I was told it shouldnt be added by some, while others told me that they do it all the time... with no problems..

so whats up with composting bread??Is it considered a green or brown??

Also what about plain old corn flakes?? Can i add this? and is it a green or brown?

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Diane
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top_dollar_bread wrote:Can bread be added to a compost??
I was told it shouldnt be added by some, while others told me that they do it all the time... with no problems..

so whats up with composting bread??Is it considered a green or brown??

Also what about plain old corn flakes?? Can i add this? and is it a green or brown?
I don't know the answers. I did put half a loaf into my pile. It had some mold on it. Every time I turned the pile, once or twice a week, I saw even more mold and the bread stayed the same for too long.
So I don't put it in anymore.
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Hmm. I just put in 3 or 4 heels (about fist sized) of homemade bread that had been forgotten in a bag and gone completely moldy (I mean completely :oops: :roll: ) I'll let you know what I find when I turn the compost again in next few days -- I have a brown bag full of corn cobs (BROWN) and husks (GREEN) that has to go out but we've had some rain + heat = muggy + MOSQUITO HORDES = don't go out there (and laboriously turn over the compost pile no less) unless I want to get eaten alive! :shock:

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rainbowgardener
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bread

I don't compost a lot of bread, because usually it all gets used. If the end of the loaf gets stale, then it becomes bread crumbs for cooking. But sometimes it gets by me and gets moldy and then definitely gets composted. But I have a compost bucket (tightly covered) under the sink where all the kitchen scraps go. They stay in the bucket for a few days to a week to even more in the winter. If it's really cold and snowy (hard to imagine right now, isn't it ? :) ) the bucket just sits til there's a break in the weather. In dire circumstances, I've been known to just put a full bucket out on the screen porch and start a new one. Anyway the point of all that is that the bread and everything else gets mixed up together, it soaks up juices and starts breaking down (my compost bucket contents often heat up nicely, more so than the big compost pile). So by the time the bucket is dumped onto the pile (and then covered with weeds and such), everything is pretty ready to break down. In this process, I've never had any problem with the bread not turning into compost as readily as anything else.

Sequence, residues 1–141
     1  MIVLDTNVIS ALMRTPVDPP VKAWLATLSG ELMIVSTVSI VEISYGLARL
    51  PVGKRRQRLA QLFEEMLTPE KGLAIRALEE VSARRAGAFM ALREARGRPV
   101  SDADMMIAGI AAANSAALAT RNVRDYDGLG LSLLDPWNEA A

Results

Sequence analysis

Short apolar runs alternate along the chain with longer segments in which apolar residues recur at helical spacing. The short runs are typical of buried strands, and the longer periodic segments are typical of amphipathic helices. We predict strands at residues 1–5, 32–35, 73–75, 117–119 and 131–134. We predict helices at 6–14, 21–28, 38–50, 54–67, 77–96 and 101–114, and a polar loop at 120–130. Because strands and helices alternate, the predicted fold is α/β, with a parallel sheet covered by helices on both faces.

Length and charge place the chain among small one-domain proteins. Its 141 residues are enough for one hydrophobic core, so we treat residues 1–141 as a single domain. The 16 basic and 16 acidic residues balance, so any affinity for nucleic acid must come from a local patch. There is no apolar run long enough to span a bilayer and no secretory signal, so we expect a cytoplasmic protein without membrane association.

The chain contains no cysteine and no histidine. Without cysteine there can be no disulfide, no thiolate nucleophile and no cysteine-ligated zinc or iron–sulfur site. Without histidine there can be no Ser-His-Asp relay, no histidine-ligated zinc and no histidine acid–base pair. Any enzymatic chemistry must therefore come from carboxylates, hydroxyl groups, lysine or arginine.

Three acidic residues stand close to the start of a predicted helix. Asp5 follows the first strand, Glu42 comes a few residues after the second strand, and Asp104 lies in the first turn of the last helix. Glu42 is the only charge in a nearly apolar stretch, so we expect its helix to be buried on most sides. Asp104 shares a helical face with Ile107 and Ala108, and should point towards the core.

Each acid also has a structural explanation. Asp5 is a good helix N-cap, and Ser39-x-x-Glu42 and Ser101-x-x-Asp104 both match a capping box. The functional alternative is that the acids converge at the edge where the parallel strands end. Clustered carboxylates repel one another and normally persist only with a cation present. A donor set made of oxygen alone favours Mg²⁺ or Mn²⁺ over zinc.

top_dollar_bread
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thanx for the feed back..My bread isnt moldy just hard
I opened the plastic bag to a new loaf and found that it was hard??

So ive been letting it sit in the sun (hopping birds will get to it) and its gotten a lot harder...I plan on breaking it down to crumbs (in my hands) before adding it to my compost...
Any idea if its a green or brown??im guessing green?

I will only add half the loaf to my compost, the other half will given to my worms....I finally started a worm bin :D
(will be posting my vermicomposting exerince, in a soon to come thread)

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gixxerific
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I give my bread to the birds. They like it and maybe it will keep them off my plants they sometimes like. It may also keep them off the tons of worms (in my tilled garden) 8)

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Diane
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applestar wrote:Hmm. I just put in 3 or 4 heels (about fist sized) of homemade bread that had been forgotten in a bag and gone completely moldy (I mean completely :oops: :roll: ) I'll let you know what I find when I turn the compost again in next few days -- I have a brown bag full of corn cobs (BROWN) and husks (GREEN) that has to go out but we've had some rain + heat = muggy + MOSQUITO HORDES = don't go out there (and laboriously turn over the compost pile no less) unless I want to get eaten alive! :shock: